What Are You?

The Lembeh Strait, North Sulawesi, Indonesia

A peacock mantis shrimp peeks out of its burrow to check out the photographer
Who’s There?

Mantis shrimp are common in most oceans of the world. They are active predators and tend to prowl shallow reefs and shorelines in daytime. Their vision is excellent, and they are reputed to be intelligent and curious; in an aquarium, these creatures are said to be capable of interacting with their keeper.

I have briefly spied what I took to be mantis shrimp before — inch-long critters that mostly blended into Caribbean reefs. They were small, poorly seen, and too fast for me to photograph. I had read about the more glorious, colorful and larger variants to be found in the Western Pacific so my hopes were high when we arrived at the Lembeh Resort.

I was not disappointed. There are several types of mantis shrimp in the Lembeh Strait, and most are easy to see and not easily intimidated by divers. We saw many, ranging from small, brown or reddish specimens to the giants that may grow as large as a foot (30 cm) or more. On one dive, we even came across two fighting in the sand. None we saw was more striking than the beautifully colored “peacock” or “harlequin” mantis shrimp.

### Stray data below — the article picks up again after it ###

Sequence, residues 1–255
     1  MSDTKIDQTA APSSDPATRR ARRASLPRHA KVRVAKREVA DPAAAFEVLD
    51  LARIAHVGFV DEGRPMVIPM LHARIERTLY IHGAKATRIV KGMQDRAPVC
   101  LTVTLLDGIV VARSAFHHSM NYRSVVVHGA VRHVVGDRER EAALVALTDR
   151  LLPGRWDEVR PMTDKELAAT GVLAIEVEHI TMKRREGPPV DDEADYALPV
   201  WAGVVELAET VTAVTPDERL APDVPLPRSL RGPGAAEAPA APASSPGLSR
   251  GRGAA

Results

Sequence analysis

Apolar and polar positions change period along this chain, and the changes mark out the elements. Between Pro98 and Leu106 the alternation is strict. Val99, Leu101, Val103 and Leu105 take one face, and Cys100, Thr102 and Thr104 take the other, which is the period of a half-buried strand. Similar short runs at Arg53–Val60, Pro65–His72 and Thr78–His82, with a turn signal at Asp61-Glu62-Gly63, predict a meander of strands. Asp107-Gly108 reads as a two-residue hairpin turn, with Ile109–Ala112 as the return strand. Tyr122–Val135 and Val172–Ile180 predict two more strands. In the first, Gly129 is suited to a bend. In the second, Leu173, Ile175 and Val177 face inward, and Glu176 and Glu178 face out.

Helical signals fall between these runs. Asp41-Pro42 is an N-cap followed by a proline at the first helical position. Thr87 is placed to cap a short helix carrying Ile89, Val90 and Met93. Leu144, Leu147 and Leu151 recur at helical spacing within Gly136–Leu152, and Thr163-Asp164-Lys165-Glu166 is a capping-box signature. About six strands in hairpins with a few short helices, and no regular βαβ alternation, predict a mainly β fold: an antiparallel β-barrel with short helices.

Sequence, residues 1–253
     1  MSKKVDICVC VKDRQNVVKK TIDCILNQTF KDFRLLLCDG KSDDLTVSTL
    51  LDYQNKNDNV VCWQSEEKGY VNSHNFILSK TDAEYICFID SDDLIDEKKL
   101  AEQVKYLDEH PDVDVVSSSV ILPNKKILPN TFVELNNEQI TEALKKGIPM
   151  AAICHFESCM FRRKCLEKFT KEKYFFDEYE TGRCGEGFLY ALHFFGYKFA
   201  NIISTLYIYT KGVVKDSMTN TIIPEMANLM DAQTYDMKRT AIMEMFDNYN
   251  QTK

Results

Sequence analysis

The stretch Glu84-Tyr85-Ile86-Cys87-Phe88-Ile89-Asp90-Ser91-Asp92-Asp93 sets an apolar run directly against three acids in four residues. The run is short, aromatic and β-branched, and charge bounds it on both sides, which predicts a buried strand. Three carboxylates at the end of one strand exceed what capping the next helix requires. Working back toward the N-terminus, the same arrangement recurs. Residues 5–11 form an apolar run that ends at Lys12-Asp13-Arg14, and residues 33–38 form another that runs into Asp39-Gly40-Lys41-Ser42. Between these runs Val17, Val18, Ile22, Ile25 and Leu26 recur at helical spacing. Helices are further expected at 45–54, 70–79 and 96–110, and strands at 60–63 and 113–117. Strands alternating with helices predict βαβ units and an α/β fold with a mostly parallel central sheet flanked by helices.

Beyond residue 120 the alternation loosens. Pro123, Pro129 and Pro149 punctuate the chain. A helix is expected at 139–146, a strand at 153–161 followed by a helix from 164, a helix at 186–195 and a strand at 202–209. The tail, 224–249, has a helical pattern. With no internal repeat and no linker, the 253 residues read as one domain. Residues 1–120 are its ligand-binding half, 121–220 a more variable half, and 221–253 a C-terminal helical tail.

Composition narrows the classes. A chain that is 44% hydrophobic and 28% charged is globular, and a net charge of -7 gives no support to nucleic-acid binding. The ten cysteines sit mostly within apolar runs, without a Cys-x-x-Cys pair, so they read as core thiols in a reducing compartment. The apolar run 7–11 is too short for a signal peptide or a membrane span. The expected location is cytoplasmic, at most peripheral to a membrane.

We saw peacock mantis shrimp that were beautifully colored in brilliant hues. They also seemed just a bit curious. The one above actually came a little out of its hole to spy on me. Encountered out on the sand, the little beasties would turn and even come slightly towards a diver — seemingly to get a better look with its large, colorful, articulated eyes. Moving gently, I had little trouble approaching for a photo. (Still, caution was in order: Also known as “thumb splitters,” this little predator’s strike can break a camera housing or spear a finger to the bone.

A peacock mantis shrimp out on the sand in the Lembeh Strait
Peacock Mantis Shrimp

(Top image [“Who’s There?”]: Canon G11 in Ikelite housing with two Ikelite DS-125 strobes under TTL control; integrated lens at 9.8mm; ISO 80; f/6.3; shutter at 1/60 sec.)

(Second image [“Peacock Mantis Shrimp”]: Same camera and strobes; 18.1mm; ISO 200; f/4.5; 1/60 sec.)

What Are You? is a post from: thePhotoTourist.com.
Images and text copyright © Rick Collier and thePhotoTourist. All rights reserved.

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